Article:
Saturday, August 22, 2020

Review: Home Before Dark by Riley Sager

What was it like? Living in that house.

Maggie Holt is used to such questions. Twenty-five years ago, she and her parents, Ewan and Jess, moved into Baneberry Hall, a rambling Victorian estate in the Vermont woods. They spent three weeks there before fleeing in the dead of night, an ordeal Ewan later recounted in a nonfiction book called House of Horrors. His tale of ghostly happenings and encounters with malevolent spirits became a worldwide phenomenon, rivaling The Amityville Horror in popularity—and skepticism.

Today, Maggie is a restorer of old homes and too young to remember any of the events mentioned in her father’s book. But she also doesn’t believe a word of it. Ghosts, after all, don’t exist. When Maggie inherits Baneberry Hall after her father’s death, she returns to renovate the place to prepare it for sale. But her homecoming is anything but warm. People from the past, chronicled in House of Horrors, lurk in the shadows. And locals aren’t thrilled that their small town has been made infamous thanks to Maggie’s father. Even more unnerving is Baneberry Hall itself—a place filled with relics from another era that hint at a history of dark deeds. As Maggie experiences strange occurrences straight out of her father’s book, she starts to believe that what he wrote was more fact than fiction.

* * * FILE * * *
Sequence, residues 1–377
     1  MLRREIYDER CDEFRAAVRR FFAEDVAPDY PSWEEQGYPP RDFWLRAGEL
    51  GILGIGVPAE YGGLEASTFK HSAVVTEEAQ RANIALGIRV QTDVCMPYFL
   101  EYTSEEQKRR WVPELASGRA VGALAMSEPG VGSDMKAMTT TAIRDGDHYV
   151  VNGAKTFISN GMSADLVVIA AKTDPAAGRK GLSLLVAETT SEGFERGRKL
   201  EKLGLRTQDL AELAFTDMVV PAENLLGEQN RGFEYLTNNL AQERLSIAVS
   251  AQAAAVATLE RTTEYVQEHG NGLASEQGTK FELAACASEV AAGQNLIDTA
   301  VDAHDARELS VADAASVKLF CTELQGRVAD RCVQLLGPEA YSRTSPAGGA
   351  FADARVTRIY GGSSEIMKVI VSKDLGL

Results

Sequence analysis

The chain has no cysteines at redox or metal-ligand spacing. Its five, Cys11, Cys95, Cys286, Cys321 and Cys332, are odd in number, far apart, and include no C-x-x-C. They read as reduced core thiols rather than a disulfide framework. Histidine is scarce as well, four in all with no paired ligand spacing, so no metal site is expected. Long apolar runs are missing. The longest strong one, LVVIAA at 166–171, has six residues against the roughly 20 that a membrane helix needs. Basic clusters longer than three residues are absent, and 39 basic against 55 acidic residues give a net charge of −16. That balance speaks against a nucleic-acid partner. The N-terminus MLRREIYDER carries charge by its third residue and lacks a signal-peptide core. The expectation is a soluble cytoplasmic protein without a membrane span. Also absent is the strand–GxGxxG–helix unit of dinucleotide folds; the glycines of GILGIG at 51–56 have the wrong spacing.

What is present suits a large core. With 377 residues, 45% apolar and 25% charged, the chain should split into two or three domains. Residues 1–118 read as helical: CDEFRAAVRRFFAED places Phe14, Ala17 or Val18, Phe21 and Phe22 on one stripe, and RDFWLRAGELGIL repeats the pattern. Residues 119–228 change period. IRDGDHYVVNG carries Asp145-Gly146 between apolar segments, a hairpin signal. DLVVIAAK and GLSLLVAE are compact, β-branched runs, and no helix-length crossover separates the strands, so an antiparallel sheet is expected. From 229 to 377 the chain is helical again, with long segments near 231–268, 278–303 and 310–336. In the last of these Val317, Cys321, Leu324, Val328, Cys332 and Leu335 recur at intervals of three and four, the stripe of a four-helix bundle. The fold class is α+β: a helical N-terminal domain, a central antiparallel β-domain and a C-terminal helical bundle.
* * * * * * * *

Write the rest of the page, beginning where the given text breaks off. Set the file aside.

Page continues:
In the latest thriller from New York Times bestseller Riley Sager, a woman returns to the house made famous by her father’s bestselling horror memoir. Is the place really haunted by evil forces, as her father claimed? Or are there more earthbound—and dangerous—secrets hidden within its walls?

Hardcover, 409 pages
Published June 30th 2020 
by Dutton Books
4.5/5

This is my second Riley Sager book, The Last Time I Lied was my first - loved it!

There are 2 different story lines going on. From Maggie’s pov it’s her story as she returns to Baneberry Hall, an abandoned building that used to be home until the family fled in the middle of the night over 20 years ago. Is it haunted? Maggie has very little recollection and the book her father penned, House of Horrors is too unbelievable to be true (that’s the other pov).